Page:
On Friday, hundreds of demonstrators pushed to the front doors of the Hyatt Regency in Burlingame before being moved back by police in riot gear. Some protesters infiltrated the hotel building and hung a giant banner reading, "Stop Hate." The Secret Service led Trump in through a rear entrance to the hotel. Trump joked that as he crawled under a fence to get in he "felt like I was crossing the border."
Hours later, Kasich framed the chaos as a warning sign to his party. "Did you see what happened today?" he said during a news conference. "People chaining themselves to a fence. Do you see what's happening?"
Trump's remaining rivals can't beat him in what's left of the primary season. Their only hope is to deny him a majority of delegates heading into the July convention and wrestle for the prize in multiple ballots there.
But questions persist in the party — nationally and in California — about Trump's electability in the fall and his conservative credentials. The demonstrations showed how polarizing Trump can be, especially in a state where Republicans have become marginalized because they failed to attract growing immigrant populations. Trump's viewed warily by two camps here -- those that want to grow the party and those who view some of Trump's positions betrayals of the conservative movement.
The convention crowd defies expectation in a state known as a Democratic fortress. There have been pushes toward moderation, but the group tends toward conservative leanings and favors calls for free markets, tax cuts and shrinking the size of government. It's also socially conservative: The state party's platform defines marriage as between a man and a woman, and wants the Supreme Court's affirmation of abortion rights reversed.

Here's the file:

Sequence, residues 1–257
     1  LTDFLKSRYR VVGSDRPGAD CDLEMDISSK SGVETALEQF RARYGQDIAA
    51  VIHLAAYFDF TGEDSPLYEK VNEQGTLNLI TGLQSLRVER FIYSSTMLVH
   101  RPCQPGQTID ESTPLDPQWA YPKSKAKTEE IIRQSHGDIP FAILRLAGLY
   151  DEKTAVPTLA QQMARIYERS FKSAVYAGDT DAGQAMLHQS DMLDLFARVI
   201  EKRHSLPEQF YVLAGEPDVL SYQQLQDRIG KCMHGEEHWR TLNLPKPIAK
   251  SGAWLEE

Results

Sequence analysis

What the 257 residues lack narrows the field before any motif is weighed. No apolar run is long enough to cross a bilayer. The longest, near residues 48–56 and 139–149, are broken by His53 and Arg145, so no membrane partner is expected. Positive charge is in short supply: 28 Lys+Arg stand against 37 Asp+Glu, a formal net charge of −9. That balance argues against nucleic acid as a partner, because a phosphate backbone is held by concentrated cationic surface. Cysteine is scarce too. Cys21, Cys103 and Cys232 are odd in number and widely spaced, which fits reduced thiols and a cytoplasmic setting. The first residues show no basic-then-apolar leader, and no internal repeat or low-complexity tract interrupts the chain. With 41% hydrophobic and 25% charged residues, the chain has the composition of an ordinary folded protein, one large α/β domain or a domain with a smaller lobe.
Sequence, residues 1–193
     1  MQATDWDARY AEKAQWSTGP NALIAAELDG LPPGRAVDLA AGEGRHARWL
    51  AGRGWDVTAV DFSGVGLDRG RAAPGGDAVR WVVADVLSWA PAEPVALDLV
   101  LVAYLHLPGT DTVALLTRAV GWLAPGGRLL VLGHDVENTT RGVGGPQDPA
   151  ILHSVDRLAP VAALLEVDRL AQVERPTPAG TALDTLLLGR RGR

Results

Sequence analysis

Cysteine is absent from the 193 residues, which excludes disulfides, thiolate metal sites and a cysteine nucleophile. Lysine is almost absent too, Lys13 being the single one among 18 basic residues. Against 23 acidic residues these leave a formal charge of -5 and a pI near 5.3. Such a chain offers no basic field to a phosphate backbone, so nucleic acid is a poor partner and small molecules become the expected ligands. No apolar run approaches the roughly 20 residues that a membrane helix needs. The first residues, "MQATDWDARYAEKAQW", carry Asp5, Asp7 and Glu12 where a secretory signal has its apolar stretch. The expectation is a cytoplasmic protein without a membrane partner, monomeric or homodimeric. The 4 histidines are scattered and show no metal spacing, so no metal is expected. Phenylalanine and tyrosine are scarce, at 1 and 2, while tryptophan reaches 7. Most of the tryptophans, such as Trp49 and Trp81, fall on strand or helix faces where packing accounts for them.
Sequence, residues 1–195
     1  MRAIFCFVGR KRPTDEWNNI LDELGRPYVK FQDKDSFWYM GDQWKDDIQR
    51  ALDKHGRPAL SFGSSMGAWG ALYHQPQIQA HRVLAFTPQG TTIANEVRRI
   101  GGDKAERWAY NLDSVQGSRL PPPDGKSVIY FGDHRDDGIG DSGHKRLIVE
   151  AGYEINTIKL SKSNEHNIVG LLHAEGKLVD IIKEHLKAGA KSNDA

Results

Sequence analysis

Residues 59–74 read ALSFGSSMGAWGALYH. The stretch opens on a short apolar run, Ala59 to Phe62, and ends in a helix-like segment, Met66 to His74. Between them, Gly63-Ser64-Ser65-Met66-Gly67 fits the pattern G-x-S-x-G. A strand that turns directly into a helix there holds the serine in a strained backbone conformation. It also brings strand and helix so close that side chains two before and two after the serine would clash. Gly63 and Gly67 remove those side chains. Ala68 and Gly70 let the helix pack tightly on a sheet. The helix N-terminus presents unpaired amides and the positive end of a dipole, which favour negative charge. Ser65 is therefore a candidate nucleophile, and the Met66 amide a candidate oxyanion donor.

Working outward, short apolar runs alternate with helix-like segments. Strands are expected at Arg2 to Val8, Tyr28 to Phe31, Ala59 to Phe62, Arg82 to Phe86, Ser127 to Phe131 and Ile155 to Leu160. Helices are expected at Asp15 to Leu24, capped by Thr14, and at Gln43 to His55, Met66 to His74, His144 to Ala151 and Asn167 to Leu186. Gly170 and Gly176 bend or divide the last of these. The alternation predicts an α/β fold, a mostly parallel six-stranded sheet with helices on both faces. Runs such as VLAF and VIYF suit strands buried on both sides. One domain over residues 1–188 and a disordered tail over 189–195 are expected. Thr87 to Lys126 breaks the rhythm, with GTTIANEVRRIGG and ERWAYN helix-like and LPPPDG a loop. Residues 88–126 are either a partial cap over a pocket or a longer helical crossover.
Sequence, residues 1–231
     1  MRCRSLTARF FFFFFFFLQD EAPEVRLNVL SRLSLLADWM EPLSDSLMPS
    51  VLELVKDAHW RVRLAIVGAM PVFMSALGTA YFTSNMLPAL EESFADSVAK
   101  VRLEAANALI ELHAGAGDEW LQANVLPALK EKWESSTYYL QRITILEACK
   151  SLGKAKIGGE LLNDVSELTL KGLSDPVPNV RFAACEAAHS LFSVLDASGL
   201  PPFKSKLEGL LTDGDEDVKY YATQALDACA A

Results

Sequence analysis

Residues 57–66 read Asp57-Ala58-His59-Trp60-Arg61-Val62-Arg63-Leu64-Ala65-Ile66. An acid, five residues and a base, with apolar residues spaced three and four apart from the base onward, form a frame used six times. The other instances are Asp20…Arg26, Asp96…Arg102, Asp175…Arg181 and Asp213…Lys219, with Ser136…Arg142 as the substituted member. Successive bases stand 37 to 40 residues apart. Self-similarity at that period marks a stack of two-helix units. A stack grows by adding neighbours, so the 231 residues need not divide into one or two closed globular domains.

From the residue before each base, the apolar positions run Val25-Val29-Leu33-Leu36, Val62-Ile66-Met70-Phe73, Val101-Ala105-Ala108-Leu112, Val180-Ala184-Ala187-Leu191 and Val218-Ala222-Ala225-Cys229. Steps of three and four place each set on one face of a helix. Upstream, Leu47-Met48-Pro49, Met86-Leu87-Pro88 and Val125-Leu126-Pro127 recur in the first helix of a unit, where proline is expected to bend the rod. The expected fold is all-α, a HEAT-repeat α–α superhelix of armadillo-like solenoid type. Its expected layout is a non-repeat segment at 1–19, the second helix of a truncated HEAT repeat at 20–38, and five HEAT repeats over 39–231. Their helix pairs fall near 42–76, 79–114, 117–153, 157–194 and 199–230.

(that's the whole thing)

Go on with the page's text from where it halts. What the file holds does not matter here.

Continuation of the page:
Trump has spoken favorably about Planned Parenthood, which provides abortion services. He has warned against cutting Medicare, Medicaid and Social Security, often targets for conservatives who want to slow government spending. While he will likely spend much of the next month in the state, he's unlikely to be back during the general election, when California would return to its reliably Democratic status.
Still, Trump was a popular draw at a brief VIP reception where he posed for pictures with party stalwarts. He later joked about having mud and dirt smeared all over him from his unorthodox entrance during the photo session, and many in the banquet hall laughed heartily.
Henri Houdre was thrilled to see Trump live. "We see him as that alpha kid in high school with the leather jacket and slicked-back hair who everybody wants to be," said Houdre, an 18-year-old college student from San Francisco.
Trump's call to unity resonated with some. "That's the thing every Republican needs to keep in mind, that we're the same team," said Kevin Krick, the Bay Area regional vice chairman for the party.
Kersti Buchanan, 70, a retired translator and party activist from Mendocino County who backs Kasich, was shocked at all of Trump's supporters -- and by the candidate's speech itself.
"He's probably the most narcissistic person I've ever listened to," Buchanan said. "It was fairly shocking to see this many people who are eating it all up."